The traditional daily load profile has a large trough from late morning until late afternoon. Increasing penetration of rooftop solar in locations such as California and South Australia has reduced the afternoon demand supplied by the grid which has done 2 things to the demand profile…


·      It has deepened the trough ie. reduced the demand seen by the grid (the “Duck Curve”)


·      It has made the climb up to the evening peak steeper, requiring generation with higher ramping rates that have also probably been stood down during the afternoon due to low demand (a role which steam turbines are generally unsuited for).


The one thing that is certain is the late afternoon and evening peak which will require dispatchable generation, so any thought of wind or solar would seem problematic.


Key features of Senate Bill 338


SB 338 would amend s454.52 and s9621 of the California Public Utilities Code, which inter alia requires all local publically owned electric utilities with a demand of more than 700GWh per year to adopt an Integrated Resource Plan. That IRP requires each load-serving entity to obtain at least 50% of its electricity from eligible renewable sources by 31st December 2030.


The critical element of SB 338 requires the Public Utilities Commission to consider the role of existing renewable generation, grid operational efficiencies, energy storage and distributed energy resources … to meet energy and reliability needs during the hours of peak demand. A quick read of the rest of SB 338 reinforces 2 critical issues…


·      That emission reduction is the non-negotiable priority (think what that means for the trilemma).


·      That SB 338 has a clear technology bias (in contrast to Australia’s National Energy Guarantee which claims to be technology neutral).


The political trend


A very apparent trend (which is certainly not unique to California) is that politicians are moving steadily towards enforcing low emission energy and transport (including by punishing the alternatives) rather than simply encouraging it as they presumably become frustrated with the slow pace of decarbonisation.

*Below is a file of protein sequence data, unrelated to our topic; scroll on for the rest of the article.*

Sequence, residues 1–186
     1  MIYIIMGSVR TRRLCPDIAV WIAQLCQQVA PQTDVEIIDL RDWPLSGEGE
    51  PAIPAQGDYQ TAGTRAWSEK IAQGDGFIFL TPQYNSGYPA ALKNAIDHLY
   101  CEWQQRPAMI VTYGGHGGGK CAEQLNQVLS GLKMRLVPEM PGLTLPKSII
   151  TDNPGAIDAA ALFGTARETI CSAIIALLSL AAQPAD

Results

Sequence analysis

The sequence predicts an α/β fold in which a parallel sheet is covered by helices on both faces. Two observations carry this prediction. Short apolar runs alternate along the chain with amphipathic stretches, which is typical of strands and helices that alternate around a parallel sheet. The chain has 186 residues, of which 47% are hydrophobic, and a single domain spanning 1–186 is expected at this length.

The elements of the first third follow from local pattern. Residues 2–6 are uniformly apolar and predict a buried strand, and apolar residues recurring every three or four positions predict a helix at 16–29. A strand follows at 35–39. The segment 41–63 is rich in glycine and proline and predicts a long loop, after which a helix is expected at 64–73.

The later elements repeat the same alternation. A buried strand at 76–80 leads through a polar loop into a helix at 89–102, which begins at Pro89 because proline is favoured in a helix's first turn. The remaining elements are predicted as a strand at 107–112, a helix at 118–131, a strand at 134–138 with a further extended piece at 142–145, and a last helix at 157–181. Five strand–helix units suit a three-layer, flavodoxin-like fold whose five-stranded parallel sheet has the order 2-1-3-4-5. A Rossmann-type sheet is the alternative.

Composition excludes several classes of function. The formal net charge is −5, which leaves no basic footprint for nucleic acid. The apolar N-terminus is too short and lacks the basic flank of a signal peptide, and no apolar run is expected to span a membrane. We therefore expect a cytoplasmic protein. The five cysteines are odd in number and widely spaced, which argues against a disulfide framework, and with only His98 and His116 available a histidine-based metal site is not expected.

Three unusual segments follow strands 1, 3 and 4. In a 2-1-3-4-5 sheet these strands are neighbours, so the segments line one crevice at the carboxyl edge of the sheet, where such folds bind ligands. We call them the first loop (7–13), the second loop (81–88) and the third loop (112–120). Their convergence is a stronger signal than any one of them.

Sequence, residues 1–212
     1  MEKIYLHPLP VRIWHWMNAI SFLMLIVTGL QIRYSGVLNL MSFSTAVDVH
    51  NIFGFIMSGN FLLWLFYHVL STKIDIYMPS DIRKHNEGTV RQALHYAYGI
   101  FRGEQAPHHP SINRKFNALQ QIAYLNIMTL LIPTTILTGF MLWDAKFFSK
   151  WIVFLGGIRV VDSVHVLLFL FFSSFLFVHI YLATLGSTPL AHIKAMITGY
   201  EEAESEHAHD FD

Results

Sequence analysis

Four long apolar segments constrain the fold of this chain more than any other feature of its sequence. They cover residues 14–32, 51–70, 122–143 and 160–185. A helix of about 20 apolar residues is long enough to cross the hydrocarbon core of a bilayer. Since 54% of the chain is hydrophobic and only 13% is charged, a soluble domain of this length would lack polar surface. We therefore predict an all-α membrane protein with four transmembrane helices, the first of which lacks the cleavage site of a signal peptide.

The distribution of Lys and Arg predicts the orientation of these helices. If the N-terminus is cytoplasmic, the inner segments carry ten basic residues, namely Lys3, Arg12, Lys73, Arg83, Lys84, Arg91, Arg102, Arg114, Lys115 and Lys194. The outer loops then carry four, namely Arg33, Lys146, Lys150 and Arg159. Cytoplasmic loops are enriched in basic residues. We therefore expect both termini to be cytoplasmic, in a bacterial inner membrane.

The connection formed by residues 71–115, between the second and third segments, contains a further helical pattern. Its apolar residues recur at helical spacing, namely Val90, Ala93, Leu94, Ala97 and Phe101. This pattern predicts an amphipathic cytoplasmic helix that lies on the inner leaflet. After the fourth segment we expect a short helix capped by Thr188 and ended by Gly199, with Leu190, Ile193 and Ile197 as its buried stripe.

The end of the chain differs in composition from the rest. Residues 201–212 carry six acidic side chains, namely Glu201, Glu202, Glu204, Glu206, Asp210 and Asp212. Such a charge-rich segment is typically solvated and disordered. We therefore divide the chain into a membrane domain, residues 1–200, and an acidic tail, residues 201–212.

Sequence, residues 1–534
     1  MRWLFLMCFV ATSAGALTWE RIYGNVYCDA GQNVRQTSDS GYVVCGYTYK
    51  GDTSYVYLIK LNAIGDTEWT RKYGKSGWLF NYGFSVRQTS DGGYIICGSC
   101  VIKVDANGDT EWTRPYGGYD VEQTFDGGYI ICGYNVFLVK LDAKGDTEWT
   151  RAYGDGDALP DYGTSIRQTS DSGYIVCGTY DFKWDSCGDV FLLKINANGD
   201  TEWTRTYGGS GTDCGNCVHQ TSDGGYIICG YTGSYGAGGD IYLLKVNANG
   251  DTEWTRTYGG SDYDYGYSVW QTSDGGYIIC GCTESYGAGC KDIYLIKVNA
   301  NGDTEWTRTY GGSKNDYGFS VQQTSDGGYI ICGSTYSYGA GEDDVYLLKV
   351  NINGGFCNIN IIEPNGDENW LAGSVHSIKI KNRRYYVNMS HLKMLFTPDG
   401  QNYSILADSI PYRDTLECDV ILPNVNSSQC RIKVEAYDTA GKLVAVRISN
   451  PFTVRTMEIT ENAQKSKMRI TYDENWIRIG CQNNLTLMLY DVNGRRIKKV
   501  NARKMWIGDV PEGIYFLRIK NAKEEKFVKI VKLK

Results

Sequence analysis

General stuff


Guide to NZ electricity laws


I’ve compiled a “wall chart” setting out the relationship between various past and present electricity Acts, Regulations, Codes etc in sort of a chronological progression. To request your free copy, pick here. It looks really cool printed in color as an A2 or A1 size.



A bit of light-hearted humor


What if price control had been around in the 1920’s and 1930’s ? A collection of classic historical photo’s with humorous captions looks at some of the salient features of price control. Pick here to download.


Wanted – old electricity history books


Now that I seem to have scrounged pretty much every book on the history of electricity in New Zealand, I’m keen to obtain historical book, journals and pamphlets from other countries. So if anyone has any unwanted documents, please email me.


House-keeping stuff


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These articles are of a general nature and are not intended as specific legal, consulting or investment advice, and are correct at the time of writing. In particular Pipes & Wires may make forward looking or speculative statements, projections or estimates of such matters as industry structural changes, merger outcomes or regulatory determinations. These articles also summarise lengthy documents, and it is important that readers refer to those documents in forming opinions or taking action.


Utility Consultants Ltd accepts no liability for action or inaction based on the contents of Pipes & Wires including any loss, damage or exposure to offensive material from linking to any websites contained herein, or from any republishing by a third-party whether authorised or not, nor from any comments posted on Linked In, Face Book or similar by other parties.